At least 22 civilians have been killed in an attack on a camp for internally displaced people in the northeast of the Democratic Republic of Congo, an aid worker and civil rights leader have said.
Red Cross coordinator Mambo Bapu Mance told the AFP news agency on Monday that 20 people were buried immediately in two common graves, while another two who died of their wounds were buried later.
The same camp in Ituri province was attacked less than a week ago when 29 people were killed.
Mance accused the armed group Cooperative for the Development of Congo (CODECO) of carrying out the attack on Ivo camp on Sunday.
Civil rights group president Charite Banza put the toll at 22.
“This is the third attack by these outlaws against displacement sites in the space of a week in this part of the country, causing more than 50 deaths and enormous material damage,” Banza told the Reuters news agency.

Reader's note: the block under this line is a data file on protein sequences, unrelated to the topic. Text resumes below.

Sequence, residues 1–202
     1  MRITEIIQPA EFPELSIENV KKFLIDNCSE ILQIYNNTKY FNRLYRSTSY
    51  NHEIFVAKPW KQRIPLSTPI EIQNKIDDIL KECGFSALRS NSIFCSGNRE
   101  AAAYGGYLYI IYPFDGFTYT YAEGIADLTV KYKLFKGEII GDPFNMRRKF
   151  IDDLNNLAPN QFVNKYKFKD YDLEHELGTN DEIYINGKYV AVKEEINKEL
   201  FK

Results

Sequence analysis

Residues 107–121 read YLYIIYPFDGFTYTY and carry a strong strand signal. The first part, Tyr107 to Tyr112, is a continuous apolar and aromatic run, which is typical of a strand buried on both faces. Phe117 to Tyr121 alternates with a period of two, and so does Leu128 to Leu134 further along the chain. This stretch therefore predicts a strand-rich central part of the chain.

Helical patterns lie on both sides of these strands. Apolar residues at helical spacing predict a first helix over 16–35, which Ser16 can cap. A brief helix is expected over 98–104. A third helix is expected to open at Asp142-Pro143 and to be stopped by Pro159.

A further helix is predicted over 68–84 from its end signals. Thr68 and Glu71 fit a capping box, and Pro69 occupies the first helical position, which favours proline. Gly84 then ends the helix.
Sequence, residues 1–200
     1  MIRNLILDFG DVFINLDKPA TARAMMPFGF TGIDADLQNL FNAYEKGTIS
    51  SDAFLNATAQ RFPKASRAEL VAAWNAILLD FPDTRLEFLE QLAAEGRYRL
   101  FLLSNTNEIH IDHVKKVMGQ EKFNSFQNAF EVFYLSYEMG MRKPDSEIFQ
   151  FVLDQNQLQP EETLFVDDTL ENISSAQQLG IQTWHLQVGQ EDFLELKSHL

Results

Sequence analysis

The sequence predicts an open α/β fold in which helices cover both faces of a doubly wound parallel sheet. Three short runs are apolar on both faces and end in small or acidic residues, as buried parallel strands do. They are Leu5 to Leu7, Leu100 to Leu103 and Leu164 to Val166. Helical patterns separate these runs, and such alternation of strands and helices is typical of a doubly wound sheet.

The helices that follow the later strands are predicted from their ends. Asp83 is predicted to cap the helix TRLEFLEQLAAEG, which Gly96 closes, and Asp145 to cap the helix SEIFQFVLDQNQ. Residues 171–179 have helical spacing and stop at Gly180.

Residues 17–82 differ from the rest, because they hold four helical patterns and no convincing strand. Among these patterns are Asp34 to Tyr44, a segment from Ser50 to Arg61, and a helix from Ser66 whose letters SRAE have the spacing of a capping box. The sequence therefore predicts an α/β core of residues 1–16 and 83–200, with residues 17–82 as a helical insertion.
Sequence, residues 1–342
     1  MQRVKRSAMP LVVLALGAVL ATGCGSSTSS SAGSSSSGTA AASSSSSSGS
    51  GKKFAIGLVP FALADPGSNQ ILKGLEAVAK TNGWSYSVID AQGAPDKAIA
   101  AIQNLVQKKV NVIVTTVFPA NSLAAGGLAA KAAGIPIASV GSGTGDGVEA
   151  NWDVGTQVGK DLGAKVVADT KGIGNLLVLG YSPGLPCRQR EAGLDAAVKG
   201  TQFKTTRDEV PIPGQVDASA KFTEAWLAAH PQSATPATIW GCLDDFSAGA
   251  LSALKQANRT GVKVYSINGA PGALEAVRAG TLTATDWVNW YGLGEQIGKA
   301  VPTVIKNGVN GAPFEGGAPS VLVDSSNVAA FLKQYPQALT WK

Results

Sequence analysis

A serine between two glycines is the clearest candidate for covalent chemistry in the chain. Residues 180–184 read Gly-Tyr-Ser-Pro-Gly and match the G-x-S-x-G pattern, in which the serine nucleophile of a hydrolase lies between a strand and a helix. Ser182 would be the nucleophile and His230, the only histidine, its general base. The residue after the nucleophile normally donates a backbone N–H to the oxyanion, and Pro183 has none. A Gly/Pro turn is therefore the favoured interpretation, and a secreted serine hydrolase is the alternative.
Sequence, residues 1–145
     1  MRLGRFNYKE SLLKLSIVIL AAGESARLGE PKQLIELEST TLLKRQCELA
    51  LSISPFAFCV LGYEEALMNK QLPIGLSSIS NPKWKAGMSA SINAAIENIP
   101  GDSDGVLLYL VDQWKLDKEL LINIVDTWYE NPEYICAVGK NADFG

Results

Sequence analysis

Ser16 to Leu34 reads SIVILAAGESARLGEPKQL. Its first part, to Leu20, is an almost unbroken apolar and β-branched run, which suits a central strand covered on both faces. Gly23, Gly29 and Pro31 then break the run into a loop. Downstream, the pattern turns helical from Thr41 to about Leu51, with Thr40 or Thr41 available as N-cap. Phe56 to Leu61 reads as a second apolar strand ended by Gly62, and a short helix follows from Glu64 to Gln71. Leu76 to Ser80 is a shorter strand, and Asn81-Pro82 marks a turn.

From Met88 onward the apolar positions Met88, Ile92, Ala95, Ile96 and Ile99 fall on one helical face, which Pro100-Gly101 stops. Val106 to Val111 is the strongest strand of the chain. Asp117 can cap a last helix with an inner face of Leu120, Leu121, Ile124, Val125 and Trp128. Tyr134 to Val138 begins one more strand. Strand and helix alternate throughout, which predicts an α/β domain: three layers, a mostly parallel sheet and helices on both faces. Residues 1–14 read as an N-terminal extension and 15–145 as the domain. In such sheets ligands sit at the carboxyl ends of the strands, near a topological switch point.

The Kivu Security Tracker (KST), a US-based monitor of violence in the region, cited the same death toll.
The army spokesman in the region, Lieutenant Jules Ngongo, said the CODECO rebels were repelled, but did not elaborate.
EU foreign policy chief Josep Borrell called for strong action against the perpetrators.
“The EU condemns the new appalling attacks committed by the militia against civilian populations, particularly the internally displaced persons,” he wrote on Twitter.
“Decisiveness against the perpetrators and support & justice for the victims are necessary for a lasting peace in the region.”
Gold-rich Ituri province has been plunged back into a cycle of violence since late 2017 with the rise of the CODECO militia, which has since split into rival factions.
Ituri and neighbouring North Kivu have been under a state of siege since May 6, an exceptional measure to combat armed groups including CODECO and the Allied Democratic Forces (ADF).
Civilian authorities have been replaced by military and police officers.
Two other attacks took place overnight Saturday elsewhere in Ituri, leaving a total of nine civilians dead, civil society leader Isaac Nyakuklinda told AFP.